Image source: Ali Abdel Mohsen, “Slow War” series, 2017
Mellow Sawyer seminar Postdoctoral Fellow Vasiliki Touhouliotis reflects on teaching a new course at the intersection of Middle East Studies and the Environmental Humanities at Washington University in St. Louis
The area known as the ‘Middle East’ has long been imagined by Western states, corporations, experts, and artists as a forbidding or degraded landscape inhabited by unruly peoples prone to senseless violence. More recently, as the region experiences and anticipates some of the worst effects of climate change with summer temperatures rising twice as fast as global averages, international governing agencies and humanitarian organizations have once again turned to blame environmental degradation and mismanagement as the driver of violent conflict and the massive displacement of human lives. This is epitomized, for example, in the widely circulated narrative that holds climate change and drought responsible for the war in Syria and for the mass exodus of people from the region more broadly. Building on earlier environmental imaginaries, Middle Eastern environments today are being rendered legible globally almost exclusively through the logic of security as their unlivability is turned into a “problem” for Europe and North America, justifying and propelling a deadly and debilitating regime of camps, walls, and police.
In “Slow Violence and the Environment,” a new course I designed and taught during the spring 2018 semester in the Department of Jewish, Islamic, and Near Eastern Languages and Cultures at Washington University in St. Louis, I sought to take a different approach to the environment and violence in the Middle East. Developed in the context of the “Grounding the Ecocritical” Mellon Sawyer Seminar and shaped by its critical interrogation of the term “wasteland,” my course examined the kinds of environments, both natural and social, produced by ongoing (post)colonial, capitalist, state, and humanitarian political projects across the Middle East.
Following scholarship in postcolonial theory, my students and I tracked how ideas about racial hierarchies, discourses of ungovernability, and orientalist environmental imaginaries together produce “sacrifice zones” of disposable people and places across the Middle East. We surveyed techniques of violence such as aerial surveillance and bombing, fossil fuel extraction, afforestation and desalination, segregated labor camps and settlements, and the toxic weapons that have definitively transformed Middle Eastern environments and what it means to inhabit them. Moving away from the assumption that violence is always immediate and spectacular, we drew on the concept of “slow violence” developed by literary and postcolonial studies scholar Rob Nixon to apprehend the multiple temporalities and the layered histories of violence in the region. Indeed, slow violence offered us a conceptual framework for understanding how a phenomenon like the air pollution caused by the U.S. military’s burning of trash in Iraq and Afghanistan constitutes part of the violence of war that belatedly injures and debilitates both people and their environments long after the withdrawal of troops.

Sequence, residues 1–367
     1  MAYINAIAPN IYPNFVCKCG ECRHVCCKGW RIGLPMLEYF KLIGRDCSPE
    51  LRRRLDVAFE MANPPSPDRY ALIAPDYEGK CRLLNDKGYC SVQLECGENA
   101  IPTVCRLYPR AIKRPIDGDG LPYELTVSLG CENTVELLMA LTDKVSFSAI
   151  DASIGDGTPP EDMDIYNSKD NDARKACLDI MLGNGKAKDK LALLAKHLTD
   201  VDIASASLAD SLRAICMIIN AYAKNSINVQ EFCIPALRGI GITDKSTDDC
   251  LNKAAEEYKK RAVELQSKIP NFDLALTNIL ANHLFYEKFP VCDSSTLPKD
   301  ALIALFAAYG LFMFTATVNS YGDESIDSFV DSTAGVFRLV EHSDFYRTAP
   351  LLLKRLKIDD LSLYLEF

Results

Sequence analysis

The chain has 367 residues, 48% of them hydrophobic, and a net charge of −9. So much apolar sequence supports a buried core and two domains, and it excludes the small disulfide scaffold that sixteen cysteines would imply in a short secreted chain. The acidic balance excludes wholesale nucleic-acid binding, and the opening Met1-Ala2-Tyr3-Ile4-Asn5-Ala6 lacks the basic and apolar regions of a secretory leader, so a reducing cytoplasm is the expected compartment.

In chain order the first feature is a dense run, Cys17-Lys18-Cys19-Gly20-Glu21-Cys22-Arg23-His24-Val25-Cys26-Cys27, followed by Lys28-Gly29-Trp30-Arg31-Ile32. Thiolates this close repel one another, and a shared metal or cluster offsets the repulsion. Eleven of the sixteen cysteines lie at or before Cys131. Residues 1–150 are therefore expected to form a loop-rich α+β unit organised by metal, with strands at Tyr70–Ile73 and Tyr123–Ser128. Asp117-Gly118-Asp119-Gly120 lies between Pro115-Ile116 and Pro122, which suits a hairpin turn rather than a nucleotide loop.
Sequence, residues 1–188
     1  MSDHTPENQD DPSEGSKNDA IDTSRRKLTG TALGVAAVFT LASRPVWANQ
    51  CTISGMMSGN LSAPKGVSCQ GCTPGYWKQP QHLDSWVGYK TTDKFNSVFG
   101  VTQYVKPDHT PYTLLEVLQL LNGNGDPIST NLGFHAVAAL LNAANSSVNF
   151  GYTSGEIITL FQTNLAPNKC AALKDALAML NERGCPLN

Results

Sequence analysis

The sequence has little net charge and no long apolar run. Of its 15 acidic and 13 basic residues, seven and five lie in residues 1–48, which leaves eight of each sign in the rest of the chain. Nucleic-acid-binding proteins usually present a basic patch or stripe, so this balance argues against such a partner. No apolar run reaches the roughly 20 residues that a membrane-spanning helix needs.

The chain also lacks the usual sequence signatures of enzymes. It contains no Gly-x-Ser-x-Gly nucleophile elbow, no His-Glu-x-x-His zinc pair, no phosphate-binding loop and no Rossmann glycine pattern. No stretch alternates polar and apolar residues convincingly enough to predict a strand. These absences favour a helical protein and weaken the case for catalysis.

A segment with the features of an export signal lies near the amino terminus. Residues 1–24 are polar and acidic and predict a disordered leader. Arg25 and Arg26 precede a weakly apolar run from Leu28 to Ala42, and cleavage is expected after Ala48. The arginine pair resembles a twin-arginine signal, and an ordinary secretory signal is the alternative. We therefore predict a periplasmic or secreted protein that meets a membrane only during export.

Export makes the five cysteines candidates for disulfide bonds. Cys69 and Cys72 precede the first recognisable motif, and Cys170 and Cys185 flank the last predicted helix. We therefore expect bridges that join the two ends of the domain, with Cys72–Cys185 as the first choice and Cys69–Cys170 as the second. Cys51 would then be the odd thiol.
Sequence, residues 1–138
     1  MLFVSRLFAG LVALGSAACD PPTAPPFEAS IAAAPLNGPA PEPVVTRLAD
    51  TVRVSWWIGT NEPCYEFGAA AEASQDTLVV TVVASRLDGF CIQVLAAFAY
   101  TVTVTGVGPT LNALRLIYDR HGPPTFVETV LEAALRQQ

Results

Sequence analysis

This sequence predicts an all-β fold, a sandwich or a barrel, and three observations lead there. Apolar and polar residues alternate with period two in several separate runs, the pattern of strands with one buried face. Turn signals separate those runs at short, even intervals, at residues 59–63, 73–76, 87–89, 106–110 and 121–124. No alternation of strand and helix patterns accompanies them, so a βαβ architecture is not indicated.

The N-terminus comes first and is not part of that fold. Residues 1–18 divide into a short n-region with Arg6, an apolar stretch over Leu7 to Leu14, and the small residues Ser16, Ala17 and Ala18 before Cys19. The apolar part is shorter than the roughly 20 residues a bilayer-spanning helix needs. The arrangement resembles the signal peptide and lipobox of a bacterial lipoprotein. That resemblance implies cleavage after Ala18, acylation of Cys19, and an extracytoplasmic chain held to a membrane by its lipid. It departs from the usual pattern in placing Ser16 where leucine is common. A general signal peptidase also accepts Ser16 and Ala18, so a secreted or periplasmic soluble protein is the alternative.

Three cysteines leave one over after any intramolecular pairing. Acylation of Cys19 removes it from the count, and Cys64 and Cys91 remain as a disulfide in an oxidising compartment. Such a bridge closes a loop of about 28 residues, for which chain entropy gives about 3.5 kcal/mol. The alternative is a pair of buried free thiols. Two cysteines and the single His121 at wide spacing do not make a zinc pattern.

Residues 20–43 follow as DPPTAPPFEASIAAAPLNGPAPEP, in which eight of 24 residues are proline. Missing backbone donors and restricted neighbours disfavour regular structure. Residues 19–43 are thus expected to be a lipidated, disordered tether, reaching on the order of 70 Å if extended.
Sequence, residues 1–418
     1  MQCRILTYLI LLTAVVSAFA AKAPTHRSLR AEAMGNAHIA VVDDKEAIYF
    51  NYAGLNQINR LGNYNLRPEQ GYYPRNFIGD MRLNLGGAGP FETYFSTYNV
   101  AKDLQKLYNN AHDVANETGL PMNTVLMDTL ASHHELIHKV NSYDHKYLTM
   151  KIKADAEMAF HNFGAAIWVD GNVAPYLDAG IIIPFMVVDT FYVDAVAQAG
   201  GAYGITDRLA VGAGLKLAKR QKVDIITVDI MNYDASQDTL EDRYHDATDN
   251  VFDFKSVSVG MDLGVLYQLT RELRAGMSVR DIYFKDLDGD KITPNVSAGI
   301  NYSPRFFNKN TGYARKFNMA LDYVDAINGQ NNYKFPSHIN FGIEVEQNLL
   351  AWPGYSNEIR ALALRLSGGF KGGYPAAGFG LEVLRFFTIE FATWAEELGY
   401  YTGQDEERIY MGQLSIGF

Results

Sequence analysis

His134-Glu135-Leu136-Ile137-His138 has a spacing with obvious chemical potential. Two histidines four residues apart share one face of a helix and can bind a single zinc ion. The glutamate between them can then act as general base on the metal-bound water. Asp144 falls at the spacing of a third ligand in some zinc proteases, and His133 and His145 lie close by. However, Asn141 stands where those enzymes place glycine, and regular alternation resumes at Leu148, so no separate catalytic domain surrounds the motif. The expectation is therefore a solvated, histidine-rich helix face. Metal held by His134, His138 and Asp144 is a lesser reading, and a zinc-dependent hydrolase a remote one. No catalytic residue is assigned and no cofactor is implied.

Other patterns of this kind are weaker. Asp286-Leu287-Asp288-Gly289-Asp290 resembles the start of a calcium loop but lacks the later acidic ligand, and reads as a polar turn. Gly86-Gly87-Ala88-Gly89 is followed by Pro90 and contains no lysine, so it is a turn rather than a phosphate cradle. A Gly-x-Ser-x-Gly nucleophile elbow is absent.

At the same time, another goal of my course was to impart to my students a strong sense of how the very places dubbed wastelands—from the deserts turned oil fields of the Arabian Peninsula, to the bombed-out streets of Baghdad and Aleppo—are inhabited, represented in local idioms, and turned into sites from which to imagine and demand different futures. In other words, rather than focus exclusively on the official landscapes produced by occupying forces, extractive corporations, or even ostensibly apolitical humanitarians, we also turned to literature, film, art, and first-person testimonies to understand the vernacular landscapes that contest and refute them.
Indeed, in contrast to the barrenness that many westerners assume about the deserts of Arabia, our reading of writer AbdelRahman Munif’s novel Cities of Salt reveals it as a place of dense social relations where the social, economic, and environmental practices that once flourished were violently disrupted and foreclosed by the extraction of oil. Further contesting the myth of the desert as a wasteland, Munif shows the tactics—ranging from calculated destruction of oil company property to organized labor strikes—by which fossil fuel extraction was resisted. Oday Rasheed’s poignant film Underexposure with which we ended the semester similarly contests an official landscape of Baghdad as divided between insurgent and counterinsurgent forces, or as the site for a humane and liberatory militarism. Filmed on expired film shortly after the US invasion of 2003, Underexposure—which, as my students astutely pointed out, suggests both a shadowy darkness and the condition of being totally exposed—gives a detailed sensory account of the early days of the US occupation. Amidst the unrelenting sound of mortars, sirens, gun fire, and honking cars, a group of filmmakers struggles to document the destruction—at once material, social, and psychic—that not only overwhelms their representational tools but threatens to negate the very capacity to create art. And yet, the filming continues as Baghdad fills with death and wounds, as the Tigris river fills with plastic bags, and as the streets fill with rubble. “This is not a film,” the narrator declares, but “what dreams and memories leave behind.”